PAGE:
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Kanji for May 23, 2005 - Kanji of the Day [entries|archive|friends|userinfo]
Kanji of the Day

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Kanji for May 23, 2005 [May. 23rd, 2005|05:38 pm]
Kanji of the Day


Here is today's Kanji:

(EN / maru(i))
English definition - yen, round

Stroke order
Information courtesy of The Kanji Site.

Some examples:
円い = marui - circular
= en - the yen
30円 = sanjuuen - thirty yen

Today's kanji means circular or money. From what I know, "maru" means circle, which is exactly what you call the mark you place next to the "ha, hi, fu, he, ho" letters to change them to "pa, pi, pu, pe, po." Also, I'm not sure if the information is correct here about the meaning of the kanji when referring to monetary value. Is it "en" or "yen?" A kanji book I have at home lists it as "yen" and not "en" while The Kanji Site lists it the other way around. Any proficients care to elaborate?

[User Picture]From: ferricide
2005-05-24 12:16 am (UTC)
when you're talking in japanese you'll say "en" always, as far as i'm aware. actually, a japanese-american friend recently made fun of me (we were talking in english) for saying "2500 yen" instead of saying "nissen gohyaku en" just because it sounded weird to him.

as far as i know, "yen" is pretty much just the english word for "en" ... kind of like jow "japan" is the english word for "nihon." however, i've never really heard anyone refer to just the currency in and of itself in japanese (as opposed to in the context of a value.) as far as i'm aware, people tend to say "kane" or "okane" when they're talking inspecifically about money in japanese, the implication being yen as when we say "money" the implication is dollars.
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[User Picture]From: confusedoo
2005-05-24 02:02 am (UTC)
What he said. The only think I'd add is that cash (as opposed to credit) is genkin, which is a whole other word.
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[User Picture]From: taren_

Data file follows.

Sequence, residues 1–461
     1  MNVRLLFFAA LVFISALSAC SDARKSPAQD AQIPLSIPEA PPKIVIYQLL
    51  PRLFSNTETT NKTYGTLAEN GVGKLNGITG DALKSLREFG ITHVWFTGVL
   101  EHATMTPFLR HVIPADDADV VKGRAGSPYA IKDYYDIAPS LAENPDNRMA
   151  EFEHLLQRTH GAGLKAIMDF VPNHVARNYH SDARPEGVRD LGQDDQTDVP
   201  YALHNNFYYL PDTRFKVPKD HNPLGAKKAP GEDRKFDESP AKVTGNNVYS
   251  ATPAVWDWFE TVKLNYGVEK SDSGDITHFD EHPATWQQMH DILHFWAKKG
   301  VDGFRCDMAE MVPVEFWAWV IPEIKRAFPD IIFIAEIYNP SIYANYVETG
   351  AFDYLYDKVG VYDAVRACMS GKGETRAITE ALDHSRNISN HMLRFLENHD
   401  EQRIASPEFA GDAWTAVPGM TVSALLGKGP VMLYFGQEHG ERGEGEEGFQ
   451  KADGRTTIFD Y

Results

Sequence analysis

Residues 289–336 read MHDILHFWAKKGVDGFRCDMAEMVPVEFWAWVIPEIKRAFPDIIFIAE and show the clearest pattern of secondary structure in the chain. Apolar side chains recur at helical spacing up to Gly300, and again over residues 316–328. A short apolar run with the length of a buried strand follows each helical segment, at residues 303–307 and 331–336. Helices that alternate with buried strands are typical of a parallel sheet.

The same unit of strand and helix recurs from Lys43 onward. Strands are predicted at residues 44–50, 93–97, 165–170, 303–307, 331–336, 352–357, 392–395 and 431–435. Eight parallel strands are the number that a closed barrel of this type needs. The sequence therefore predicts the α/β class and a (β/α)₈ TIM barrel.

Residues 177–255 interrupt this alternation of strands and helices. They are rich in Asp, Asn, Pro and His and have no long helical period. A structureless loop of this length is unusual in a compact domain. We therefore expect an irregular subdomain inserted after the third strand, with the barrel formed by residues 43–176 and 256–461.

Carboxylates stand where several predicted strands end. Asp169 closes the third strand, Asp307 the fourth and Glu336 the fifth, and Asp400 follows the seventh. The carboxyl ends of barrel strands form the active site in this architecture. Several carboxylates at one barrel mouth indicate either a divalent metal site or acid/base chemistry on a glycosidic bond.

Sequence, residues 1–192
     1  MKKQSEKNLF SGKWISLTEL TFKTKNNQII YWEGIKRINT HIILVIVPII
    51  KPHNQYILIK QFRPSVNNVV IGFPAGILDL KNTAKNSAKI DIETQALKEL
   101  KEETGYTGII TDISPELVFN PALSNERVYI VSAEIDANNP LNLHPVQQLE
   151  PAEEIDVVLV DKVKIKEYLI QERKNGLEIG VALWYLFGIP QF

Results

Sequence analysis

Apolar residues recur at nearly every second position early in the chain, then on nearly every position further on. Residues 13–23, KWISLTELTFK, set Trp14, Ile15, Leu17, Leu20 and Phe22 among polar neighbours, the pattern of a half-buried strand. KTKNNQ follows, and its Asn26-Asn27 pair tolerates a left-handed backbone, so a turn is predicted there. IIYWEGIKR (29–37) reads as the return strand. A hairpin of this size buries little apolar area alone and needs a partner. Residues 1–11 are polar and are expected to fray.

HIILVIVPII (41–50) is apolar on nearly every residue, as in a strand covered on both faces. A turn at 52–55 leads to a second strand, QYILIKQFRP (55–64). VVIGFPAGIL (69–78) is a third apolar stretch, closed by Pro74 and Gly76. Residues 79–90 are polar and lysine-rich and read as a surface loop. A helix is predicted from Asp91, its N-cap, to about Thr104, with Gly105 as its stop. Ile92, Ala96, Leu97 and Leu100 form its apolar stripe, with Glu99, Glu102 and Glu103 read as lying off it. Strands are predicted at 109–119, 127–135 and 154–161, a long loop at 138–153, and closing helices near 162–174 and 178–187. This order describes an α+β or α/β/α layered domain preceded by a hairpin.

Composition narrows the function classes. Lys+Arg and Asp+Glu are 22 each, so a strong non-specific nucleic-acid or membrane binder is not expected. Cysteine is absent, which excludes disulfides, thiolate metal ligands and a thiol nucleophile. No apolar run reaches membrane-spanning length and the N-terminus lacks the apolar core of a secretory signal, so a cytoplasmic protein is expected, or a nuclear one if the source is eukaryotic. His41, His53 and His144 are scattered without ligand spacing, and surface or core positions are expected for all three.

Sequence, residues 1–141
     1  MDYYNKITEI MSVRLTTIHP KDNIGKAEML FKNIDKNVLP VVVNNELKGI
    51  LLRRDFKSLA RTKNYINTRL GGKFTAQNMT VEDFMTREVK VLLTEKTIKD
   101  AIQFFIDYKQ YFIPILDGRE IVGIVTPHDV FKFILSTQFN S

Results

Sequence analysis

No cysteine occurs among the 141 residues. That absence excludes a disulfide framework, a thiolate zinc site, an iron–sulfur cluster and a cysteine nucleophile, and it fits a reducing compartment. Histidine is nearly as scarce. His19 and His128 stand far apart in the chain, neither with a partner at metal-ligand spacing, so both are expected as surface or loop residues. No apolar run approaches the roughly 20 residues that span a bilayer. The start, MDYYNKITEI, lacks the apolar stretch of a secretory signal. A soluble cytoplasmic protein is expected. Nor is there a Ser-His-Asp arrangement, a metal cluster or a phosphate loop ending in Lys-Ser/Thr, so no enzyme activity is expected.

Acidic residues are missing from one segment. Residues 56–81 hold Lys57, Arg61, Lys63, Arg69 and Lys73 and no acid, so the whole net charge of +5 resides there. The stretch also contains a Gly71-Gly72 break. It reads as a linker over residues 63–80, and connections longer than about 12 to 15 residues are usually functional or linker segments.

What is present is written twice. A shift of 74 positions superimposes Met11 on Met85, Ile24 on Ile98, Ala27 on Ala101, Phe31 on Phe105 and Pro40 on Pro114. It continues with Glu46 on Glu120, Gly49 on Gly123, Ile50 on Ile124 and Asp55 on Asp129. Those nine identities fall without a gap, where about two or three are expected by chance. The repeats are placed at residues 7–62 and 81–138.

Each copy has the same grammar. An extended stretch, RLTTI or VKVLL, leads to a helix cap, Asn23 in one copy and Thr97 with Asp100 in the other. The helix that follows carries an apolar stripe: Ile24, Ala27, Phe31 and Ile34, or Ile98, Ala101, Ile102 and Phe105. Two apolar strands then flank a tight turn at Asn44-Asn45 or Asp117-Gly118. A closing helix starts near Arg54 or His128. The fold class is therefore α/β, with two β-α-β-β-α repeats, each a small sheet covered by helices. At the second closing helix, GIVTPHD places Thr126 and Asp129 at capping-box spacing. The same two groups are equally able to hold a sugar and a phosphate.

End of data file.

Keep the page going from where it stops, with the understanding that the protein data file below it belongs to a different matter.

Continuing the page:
2005-05-24 02:10 am (UTC)
The circle voice mark is known as a maru, but its official name is "handakuten". Similarly, the two shoulder-marks are "dakuten".

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[User Picture]From: saikan
2005-05-28 01:58 am (UTC)
Huh. My Japanese instructor referred to the " looking marks as 'chong-chong'. She's Japanese, but I wonder: is that a possible Chinese name for it or the 'sound' of making the marks, as I understand that there are a lot of sound effect words for various things in Japanese culture.
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[User Picture]From: brownkuma
2005-05-24 03:07 am (UTC)
When use as "maru", it can be also write as 丸.
丸子 means ball like things.
And 丸 is widely used in Japanese names, especially names of male. For example, the famous game character "霸王丸" has it in his name. And when naming ships, not like you westerners use names of females, Japanese usually use "xx丸". ("x" here stands for a kanji. when read, you can read it as "nani", the "何" in last post)

Chinese/Japanese full stop mark also writes as a circle "。", like the "han dakuten" mark. but the difference is that it should be put on the baseline, just like western "."
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[User Picture]From: rikoshi
2005-05-24 03:43 am (UTC)
And 丸 is widely used in Japanese names, especially names of male.

I should add that this naming convention is very much something that you run into in Classical Japanese. Nowadays, it would be sort of like naming your kid something like 'Aloysius' or 'Abraham.'
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[User Picture]From: brownkuma
2005-05-24 06:08 am (UTC)
Well, i should say it's widly used in kids' nicknames. It's a common conception among japanese and chinese that the more "stupid" their children's name is, the easiler it would be to raise them, for some superstitious reason. I myself knows a handful japanese that still use "丸太" or "丸子" as their children time nicknames. Though more japanese intend not to name their children like that, cos it sounds... rural, so to speak.
Culture stuff, that is.
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[User Picture]From: dermotmacflann
2005-05-25 02:15 am (UTC)
In Japanese, /e/ and /je/ (I'm using International Phonetic Alphabet here) are traditionally allophones. Some dialects pronounce it /je/, and some words from those dialects made it into English. But Standard Japanese just doesn't care, and prefers to regard it simply as /e/. So it's not just en/yen, but also Edo/Yedo, Sendai/Shendai. This even applies to many non-native words, such as zerii/jerii ("jelly"), Iesu & Esu/Yesu (alternate spellings for "Jesus"), Ehoba/Yehoba ("Jehovah"), Erusaremu/Yerusaryemu ("Jerusalem"), etc. Note also that /i/ and /ji/ are also traditionally allophones, which is also why you rarely see "yi" in Japanese words.

Does this make sense, Bosuke-kun/Bosukye-kun? ^^
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